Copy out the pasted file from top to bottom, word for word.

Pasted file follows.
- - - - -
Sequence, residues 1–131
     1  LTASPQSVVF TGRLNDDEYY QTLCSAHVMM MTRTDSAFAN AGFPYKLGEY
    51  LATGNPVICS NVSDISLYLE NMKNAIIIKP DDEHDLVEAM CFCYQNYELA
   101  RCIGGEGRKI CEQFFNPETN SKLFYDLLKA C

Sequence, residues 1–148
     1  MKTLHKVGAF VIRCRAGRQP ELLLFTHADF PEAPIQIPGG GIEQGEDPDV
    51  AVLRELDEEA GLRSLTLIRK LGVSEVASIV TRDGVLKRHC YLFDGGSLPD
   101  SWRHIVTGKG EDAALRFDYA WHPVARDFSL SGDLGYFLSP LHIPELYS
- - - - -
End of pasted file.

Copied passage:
Sequence, residues 1–131
     1  LTASPQSVVF TGRLNDDEYY QTLCSAHVMM MTRTDSAFAN AGFPYKLGEY
    51  LATGNPVICS NVSDISLYLE NMKNAIIIKP DDEHDLVEAM CFCYQNYELA
   101  RCIGGEGRKI CEQFFNPETN SKLFYDLLKA C

Sequence, residues 1–148
     1  MKTLHKVGAF VIRCRAGRQP ELLLFTHADF PEAPIQIPGG GIEQGEDPDV
    51  AVLRELDEEA GLRSLTLIRK LGVSEVASIV TRDGVLKRHC YLFDGGSLPD
   101  SWRHIVTGKG EDAALRFDYA WHPVARDFSL SGDLGYFLSP LHIPELYS